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Strength in numbers
Local companies come together for Dancestravaganza
BY JOHNETTE RODRIGUEZ

To paraphrase local dancer/choreographer Nathan Andary, Rhode Island’s dance community is only as strong as its bond to support each other in their artistic endeavors. In that spirit, several choreographers will present Dancestravaganza at the Carriage House this weekend (on Friday and Saturday, June 10 and 11 at 7:30 p.m.; call [401] 831-9479) to benefit Theatre Expansion, founded by dancer and 2002 Rhode Island College theater grad Tim Rubel.

"We’re a company devoted to bridging the gap between theater, dance, and other art forms," Rubel explains. "I came into the dance world through theater. I fell in love with modern dance and wanted to include it in my work."

Rubel has performed with Fusionworks and is a member of the apprentice company Fusionworks II. For the Dancestravaganza program, he is presenting Bound for St. Vitus, with four dancers and one actor. Taking his cue from the dance mania that emerged in the Middle Ages called the St. Vitus dance (currently the name of an actual nervous disorder), Rubel looks at the historic Vitus phenomenon as a "subversive movement in reaction to the anti-dance laws of the church." Thus, those that danced themselves into oblivion (or even death) were mocking the authorities who had forbidden dance.

Providence-based choreographer Tovah Bodner will present a new work, The Magdelenes, that is also drawn from stories of repression by the Catholic Church. The Magdelene asylums in Ireland opened in 1766 and finally closed in 1996. They were workhouses for unwed mothers, slow-witted girls, rape victims, and even girls thought so pretty they might get into trouble. Families committed their daughters, as well as nuns overseeing orphanages. Bodner first learned about the Magdelenes while studying in Ireland (also chronicled in Sex In a Cold Climate and The Magdelene Sisters), and she has made a dance quintet that features five characters from the asylums, including an orphan unjustly accused of stealing a brooch. Though the focus is on the latter, each girl has a chance to tell her story. The dance is set to original music composed by guitarist/vocalist Jim Muro.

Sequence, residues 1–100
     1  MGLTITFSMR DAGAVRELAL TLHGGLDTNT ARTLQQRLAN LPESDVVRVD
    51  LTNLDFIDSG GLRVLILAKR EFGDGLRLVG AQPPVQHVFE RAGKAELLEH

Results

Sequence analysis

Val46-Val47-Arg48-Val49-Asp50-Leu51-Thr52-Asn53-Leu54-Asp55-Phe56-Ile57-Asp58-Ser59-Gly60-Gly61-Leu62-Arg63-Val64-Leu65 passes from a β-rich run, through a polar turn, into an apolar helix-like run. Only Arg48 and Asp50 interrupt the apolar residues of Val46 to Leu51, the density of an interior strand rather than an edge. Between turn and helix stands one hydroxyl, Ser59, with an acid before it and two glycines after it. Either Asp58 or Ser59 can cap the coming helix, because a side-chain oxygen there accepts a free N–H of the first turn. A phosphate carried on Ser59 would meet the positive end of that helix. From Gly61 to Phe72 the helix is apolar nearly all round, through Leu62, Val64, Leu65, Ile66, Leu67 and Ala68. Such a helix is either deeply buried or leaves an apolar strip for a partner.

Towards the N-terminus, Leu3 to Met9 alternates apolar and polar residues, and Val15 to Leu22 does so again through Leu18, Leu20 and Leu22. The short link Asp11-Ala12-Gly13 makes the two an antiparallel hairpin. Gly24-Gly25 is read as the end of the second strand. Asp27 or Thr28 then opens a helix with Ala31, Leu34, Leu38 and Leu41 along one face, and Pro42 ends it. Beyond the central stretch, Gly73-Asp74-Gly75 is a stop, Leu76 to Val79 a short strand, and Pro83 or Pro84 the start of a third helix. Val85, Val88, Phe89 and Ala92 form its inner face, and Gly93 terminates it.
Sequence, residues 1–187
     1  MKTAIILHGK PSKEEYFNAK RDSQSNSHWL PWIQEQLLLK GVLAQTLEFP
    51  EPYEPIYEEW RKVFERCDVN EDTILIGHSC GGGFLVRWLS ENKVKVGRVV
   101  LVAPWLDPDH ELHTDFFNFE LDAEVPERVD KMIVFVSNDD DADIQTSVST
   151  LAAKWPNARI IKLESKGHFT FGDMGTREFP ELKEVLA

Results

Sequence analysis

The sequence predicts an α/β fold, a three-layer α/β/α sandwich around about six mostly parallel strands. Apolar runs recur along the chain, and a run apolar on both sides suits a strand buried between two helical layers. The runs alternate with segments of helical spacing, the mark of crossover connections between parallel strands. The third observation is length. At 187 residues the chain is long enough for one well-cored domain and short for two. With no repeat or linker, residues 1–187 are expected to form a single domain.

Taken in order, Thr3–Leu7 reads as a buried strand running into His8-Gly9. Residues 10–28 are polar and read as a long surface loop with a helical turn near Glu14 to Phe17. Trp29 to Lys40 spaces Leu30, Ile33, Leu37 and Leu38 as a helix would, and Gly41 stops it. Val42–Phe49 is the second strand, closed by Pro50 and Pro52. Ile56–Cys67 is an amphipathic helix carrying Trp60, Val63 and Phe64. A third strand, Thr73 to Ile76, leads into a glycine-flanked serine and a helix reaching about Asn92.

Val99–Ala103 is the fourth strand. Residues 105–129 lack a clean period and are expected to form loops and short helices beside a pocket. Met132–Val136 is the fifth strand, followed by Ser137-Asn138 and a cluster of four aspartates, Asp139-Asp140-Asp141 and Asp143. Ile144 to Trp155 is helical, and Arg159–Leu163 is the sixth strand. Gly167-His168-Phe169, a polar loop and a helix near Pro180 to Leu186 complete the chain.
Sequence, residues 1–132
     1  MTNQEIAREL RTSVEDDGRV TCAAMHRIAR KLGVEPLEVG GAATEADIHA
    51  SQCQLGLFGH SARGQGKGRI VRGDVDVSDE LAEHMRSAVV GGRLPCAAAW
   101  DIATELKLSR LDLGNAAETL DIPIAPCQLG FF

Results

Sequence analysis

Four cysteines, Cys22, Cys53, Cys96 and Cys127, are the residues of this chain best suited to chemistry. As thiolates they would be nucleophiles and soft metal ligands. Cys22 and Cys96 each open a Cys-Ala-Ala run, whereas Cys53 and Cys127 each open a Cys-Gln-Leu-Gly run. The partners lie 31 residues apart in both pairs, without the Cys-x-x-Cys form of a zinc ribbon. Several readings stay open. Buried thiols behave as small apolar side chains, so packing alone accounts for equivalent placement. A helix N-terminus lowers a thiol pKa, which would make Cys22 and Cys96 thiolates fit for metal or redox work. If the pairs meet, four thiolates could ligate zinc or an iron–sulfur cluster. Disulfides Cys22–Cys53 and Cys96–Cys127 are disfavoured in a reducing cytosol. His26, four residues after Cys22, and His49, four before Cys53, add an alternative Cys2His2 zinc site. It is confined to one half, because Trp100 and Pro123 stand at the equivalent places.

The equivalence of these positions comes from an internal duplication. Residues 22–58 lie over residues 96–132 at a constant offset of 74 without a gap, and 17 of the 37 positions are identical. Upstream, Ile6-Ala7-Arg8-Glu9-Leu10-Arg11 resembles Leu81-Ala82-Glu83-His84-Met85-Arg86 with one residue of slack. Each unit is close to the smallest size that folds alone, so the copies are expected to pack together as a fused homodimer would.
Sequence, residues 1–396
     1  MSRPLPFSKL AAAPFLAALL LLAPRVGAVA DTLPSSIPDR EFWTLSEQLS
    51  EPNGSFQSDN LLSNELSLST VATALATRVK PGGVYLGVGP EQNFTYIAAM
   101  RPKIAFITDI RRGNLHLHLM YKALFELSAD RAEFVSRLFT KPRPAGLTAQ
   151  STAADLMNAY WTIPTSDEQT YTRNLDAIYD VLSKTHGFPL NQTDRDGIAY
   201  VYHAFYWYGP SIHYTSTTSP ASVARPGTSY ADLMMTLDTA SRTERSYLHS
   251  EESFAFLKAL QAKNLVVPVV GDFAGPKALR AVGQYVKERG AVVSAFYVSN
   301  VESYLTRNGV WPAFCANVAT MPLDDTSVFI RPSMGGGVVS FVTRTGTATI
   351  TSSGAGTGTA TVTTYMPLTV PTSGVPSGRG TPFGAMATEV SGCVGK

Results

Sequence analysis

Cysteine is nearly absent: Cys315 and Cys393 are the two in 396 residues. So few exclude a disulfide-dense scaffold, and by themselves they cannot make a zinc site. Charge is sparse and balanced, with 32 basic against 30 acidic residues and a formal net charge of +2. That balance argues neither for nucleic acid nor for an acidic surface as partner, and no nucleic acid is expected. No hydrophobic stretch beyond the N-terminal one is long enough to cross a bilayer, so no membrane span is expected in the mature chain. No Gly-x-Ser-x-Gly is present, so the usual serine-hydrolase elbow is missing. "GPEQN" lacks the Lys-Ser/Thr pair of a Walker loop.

Another RIC grad, Nikki Carrara (2004, Dance Performance), has set a jazzy, modern dance piece, Patch Play, to Duke Ellington’s music. Wanting to create something fun for her five dancers, Carrara envisioned the work as children playing in a magical, fantastical garden. Carrara will performs with Andary Dance and with Daniel McCusker in Cambridge.

Andary Dance founder Nathan Andary has his choreography represented in a solo work, A Stream of Consciousness, danced by Kerrie Jean Hudson to music by Jude Georgensen. Hudson starts off reading a book but gets lost in her thoughts, as spiraling movements carry her through her daydreams. Picturesque epigraphs pop up as signals of emotional change throughout the dance phrases. Andary came to Rhode Island from Chicago’s Salt Creek Ballet Company, and has danced with Kentucky’s Ashland Ballet Company and locally with Fusionworks.

On a different dance track is Carol Buckley’s Into the West, set to the Oscar-winning song of the same title from Return of the King. Buckley’s choreography is hula, having learned from hula masters while studying linguistics in Hawaii. Hula appealed to Buckley’s fascination with words: "It’s a declaration of dramatized speech, with the choreographer illustrating text like a director visualizes a script. Auana is a very traditional form in which the hand movements go very precisely with the words." Buckley chose this song to connect East and West: its themes of spirituality and nature are often found in Hawaiian songs; its English lyrics make it more accessible to non-Hawaiian audiences.

Physical theater artist Joan Merwyn, who divides her time between New York and Saunderstown, will perform a solo work, Tangled (on Saturday only). With a background in corporeal mime, dance, experimental theater, and performance art, Merwyn has performed with many movement theater companies over the past three decades. In the four-minute piece, set to Nino Rota’s Fellini music, Merwyn gets herself tangled up in a lawn chair, her very own Fellini moment.

Rounding out Dancestravaganza is Brooke Young with Phaze II, dancing to Jennifer Lopez’s "Get Right." This is a new piece, using Phaze II’s characteristic high-energy hip-hop dance movement, and it was choreographed by all five dancers.


Issue Date: June 10 - 16, 2005
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